Configuration made easy: JSON, encrypted, envvars, etc.
Configuration doesn’t get any easier than this …
pip install jsonconfig-tool
What’s it Used For?
- Managing settings, configuration information, application data, etc.
- Managing secrets, tokens, keys, passwords, etc.
- Managing environment settings.
with Config('myapp') as cfg: cfg.data = 'Any JSON serializable object ...' cfg.pwd.a_secret = 'Encrypted data ...' cfg.env.a_variable = 'Environment variables.'
No magic here …
In the context manager above:
- The data is stored in the user’s local application directory.
- The pwd data is encrypted and stored in a keyring vault.
- The env data is stored in environment variables.
Configuration File Locations
The default behavior is to return whatever is most appropriate for the operating system. To give you an idea, an app called Foo Bar would likely return the following:
Mac OS X: ~/Library/Application Support/Foo Bar Mac OS X (POSIX): ~/.foo-bar Unix: ~/.config/foo-bar Unix (POSIX): ~/.foo-bar Win XP (roaming): C:\Documents and Settings\<user>\Local Settings\Application Data\Foo Bar Win XP (not roaming): C:\Documents and Settings\<user>\Application Data\Foo Bar Win 7+ (roaming): C:\Users\<user>\AppData\Roaming\Foo Bar Win 7+ (not roaming): C:\Users\<user>\AppData\Local\Foo Bar
Of course, you or the user are free to override this behavior and set the location to wherever you want.
The default behavior is to select the most secure backend supported by the user’s platform. To give you an idea, the following Keyring backends would likely be returned:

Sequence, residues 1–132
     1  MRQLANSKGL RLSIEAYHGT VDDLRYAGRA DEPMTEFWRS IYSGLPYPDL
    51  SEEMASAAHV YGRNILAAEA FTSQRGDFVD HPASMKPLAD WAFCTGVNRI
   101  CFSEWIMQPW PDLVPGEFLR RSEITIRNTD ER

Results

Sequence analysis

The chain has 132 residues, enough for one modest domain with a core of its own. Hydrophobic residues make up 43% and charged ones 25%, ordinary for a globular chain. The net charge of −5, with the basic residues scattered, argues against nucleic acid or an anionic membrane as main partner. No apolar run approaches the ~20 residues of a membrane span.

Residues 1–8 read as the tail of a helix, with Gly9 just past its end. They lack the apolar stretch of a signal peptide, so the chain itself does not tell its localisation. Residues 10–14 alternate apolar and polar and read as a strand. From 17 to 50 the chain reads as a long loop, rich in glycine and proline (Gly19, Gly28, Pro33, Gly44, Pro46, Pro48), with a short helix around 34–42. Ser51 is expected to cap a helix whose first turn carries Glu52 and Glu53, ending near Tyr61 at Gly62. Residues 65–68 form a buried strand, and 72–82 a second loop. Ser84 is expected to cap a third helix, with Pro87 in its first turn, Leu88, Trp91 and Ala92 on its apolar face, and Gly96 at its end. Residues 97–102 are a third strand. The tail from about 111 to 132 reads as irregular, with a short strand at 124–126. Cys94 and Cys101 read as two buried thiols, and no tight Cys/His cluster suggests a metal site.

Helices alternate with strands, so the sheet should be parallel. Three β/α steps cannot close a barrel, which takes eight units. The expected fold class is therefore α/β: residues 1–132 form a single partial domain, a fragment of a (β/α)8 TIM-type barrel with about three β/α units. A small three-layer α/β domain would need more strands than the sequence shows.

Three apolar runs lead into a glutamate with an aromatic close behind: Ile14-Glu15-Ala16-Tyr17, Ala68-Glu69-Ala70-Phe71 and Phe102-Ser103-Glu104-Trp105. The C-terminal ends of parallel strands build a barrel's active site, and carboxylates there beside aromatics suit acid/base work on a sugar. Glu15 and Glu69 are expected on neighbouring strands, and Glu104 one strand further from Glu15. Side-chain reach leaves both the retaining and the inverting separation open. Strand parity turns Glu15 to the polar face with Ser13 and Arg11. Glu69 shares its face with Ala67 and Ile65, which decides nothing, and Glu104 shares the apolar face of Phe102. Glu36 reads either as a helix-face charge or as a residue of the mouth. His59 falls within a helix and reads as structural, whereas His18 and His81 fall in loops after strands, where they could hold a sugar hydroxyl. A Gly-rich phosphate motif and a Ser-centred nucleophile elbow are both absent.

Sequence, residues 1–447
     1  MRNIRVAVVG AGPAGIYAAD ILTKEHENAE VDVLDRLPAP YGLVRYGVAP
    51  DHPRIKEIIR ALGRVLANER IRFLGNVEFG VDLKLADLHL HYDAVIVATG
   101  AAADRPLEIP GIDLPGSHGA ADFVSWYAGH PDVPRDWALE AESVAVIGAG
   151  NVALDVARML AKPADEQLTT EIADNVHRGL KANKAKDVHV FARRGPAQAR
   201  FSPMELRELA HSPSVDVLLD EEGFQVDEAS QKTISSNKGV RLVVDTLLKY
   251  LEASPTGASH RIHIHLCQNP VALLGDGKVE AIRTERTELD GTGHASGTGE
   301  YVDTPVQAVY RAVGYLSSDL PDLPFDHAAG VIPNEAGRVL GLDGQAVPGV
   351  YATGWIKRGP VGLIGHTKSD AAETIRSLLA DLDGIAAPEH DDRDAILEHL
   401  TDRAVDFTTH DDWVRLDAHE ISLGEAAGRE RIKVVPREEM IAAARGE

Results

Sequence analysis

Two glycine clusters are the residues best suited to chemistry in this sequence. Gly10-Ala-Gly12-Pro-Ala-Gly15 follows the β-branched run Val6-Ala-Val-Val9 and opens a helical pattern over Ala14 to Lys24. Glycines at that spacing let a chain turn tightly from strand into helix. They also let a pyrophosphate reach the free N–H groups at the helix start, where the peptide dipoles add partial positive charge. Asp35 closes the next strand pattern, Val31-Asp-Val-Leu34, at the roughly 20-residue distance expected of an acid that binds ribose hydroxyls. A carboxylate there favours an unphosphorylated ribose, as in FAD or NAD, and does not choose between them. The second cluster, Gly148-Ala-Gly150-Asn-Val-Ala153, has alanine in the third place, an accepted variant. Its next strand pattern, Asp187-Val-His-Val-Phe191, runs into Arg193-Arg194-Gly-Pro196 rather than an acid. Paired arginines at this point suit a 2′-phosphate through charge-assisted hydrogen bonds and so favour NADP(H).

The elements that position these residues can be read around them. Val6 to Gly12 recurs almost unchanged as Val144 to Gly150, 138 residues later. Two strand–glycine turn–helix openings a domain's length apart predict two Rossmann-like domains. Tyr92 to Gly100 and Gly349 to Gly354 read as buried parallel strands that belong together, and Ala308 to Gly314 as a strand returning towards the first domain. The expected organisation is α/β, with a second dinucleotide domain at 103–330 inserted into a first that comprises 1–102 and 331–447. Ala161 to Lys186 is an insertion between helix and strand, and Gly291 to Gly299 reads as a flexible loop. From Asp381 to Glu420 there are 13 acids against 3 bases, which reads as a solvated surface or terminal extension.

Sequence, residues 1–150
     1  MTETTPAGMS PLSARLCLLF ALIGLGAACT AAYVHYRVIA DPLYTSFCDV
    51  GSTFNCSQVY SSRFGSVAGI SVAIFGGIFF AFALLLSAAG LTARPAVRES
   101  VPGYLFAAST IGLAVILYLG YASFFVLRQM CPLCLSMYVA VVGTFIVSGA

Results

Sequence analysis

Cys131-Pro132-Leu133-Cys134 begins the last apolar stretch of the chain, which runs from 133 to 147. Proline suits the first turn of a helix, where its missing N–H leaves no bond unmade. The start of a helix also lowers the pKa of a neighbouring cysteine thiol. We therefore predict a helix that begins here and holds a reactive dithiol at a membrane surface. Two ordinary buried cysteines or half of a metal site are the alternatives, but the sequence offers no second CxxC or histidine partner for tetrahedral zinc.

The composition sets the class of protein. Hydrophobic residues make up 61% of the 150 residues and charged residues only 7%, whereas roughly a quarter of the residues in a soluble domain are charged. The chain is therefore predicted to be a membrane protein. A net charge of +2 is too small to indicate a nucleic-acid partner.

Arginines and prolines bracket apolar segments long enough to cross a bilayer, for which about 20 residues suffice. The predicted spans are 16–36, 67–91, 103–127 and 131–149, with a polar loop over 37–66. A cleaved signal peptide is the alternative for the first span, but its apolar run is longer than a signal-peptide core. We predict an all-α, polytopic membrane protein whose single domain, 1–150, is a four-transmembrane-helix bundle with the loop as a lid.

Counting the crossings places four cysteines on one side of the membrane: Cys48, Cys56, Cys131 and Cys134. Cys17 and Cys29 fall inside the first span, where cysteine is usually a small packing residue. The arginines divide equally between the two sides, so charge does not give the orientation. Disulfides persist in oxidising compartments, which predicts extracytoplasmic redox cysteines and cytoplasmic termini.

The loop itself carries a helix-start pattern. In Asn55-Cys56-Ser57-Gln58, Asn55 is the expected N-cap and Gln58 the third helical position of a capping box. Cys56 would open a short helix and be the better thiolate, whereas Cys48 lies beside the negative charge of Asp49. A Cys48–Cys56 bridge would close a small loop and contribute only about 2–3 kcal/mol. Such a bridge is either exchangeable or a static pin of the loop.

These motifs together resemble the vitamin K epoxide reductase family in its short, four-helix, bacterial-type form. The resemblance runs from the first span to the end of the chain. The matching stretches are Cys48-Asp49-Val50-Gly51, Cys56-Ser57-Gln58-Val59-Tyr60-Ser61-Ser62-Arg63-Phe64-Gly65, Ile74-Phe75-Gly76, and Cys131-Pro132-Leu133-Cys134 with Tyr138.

- Mac OS X:
- Keychain 
- Unix (with secretstorage installed):
- Secret Service 
- Unix (with dbus installed):
- kwallet 
- Windows Credential Locker 
Of course, you or the user are free to override the defaults. The user can also change their Keyring backend preferences system-wide from the command-line or via configuration files. JSON Config will then use the user’s preferred Keyring backend unless told otherwise.
How Do You Want Your Data Served?
- No wrapping. Organic, free-ranging data. If it’s JSON serializable we’ll work with it. This is the default.
- Delivers your data in a Box ; a Python dictionary that supports both recursive dot notation access and standard dictionary key access. If you have a fear of being boxed-in, don’t panic! You can get in and out of the box at anytime, see the data conversion section below.
- Ices the data in a Frozen Box, same as BOXED except immutable; will also be hashable if all objects in it are immutable.
- Nests the data in a default dictionary that can automatically create missing intermediary keys. It’s also very forgiving when retrieving data from the dictionary; for example, it won’t throw an error if a key doesn’t exist. Instead, it’ll return None; even if the key’s nested and multiple keys are missing.
- BOXED, FROZEN and NESTED are all subclasses of dicts or defaultdicts. You can convert back-and-forth between any of them at any time.
- The objects listed above are Mappings, if your data object is not a Mapping then use PLAIN to free yourself of all of the trappings. With PLAIN it’s just you and your buddy Python; we get out of the way.
JSON Config Frees You to Do What You Do Best
Spend more time solving real-world problems, less time coding, testing & troubleshooting configuration issues.
|||(1, 2) http://github.com/cdgriffith/Box|
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|Filename, size & hash SHA256 hash help||File type||Python version||Upload date|
|jsonconfig_tool-1.2-py2.py3-none-any.whl (8.4 kB) Copy SHA256 hash SHA256||Wheel||3.6||Feb 14, 2018|
|jsonconfig-tool-1.2.tar.gz (12.1 kB) Copy SHA256 hash SHA256||Source||None||Feb 14, 2018|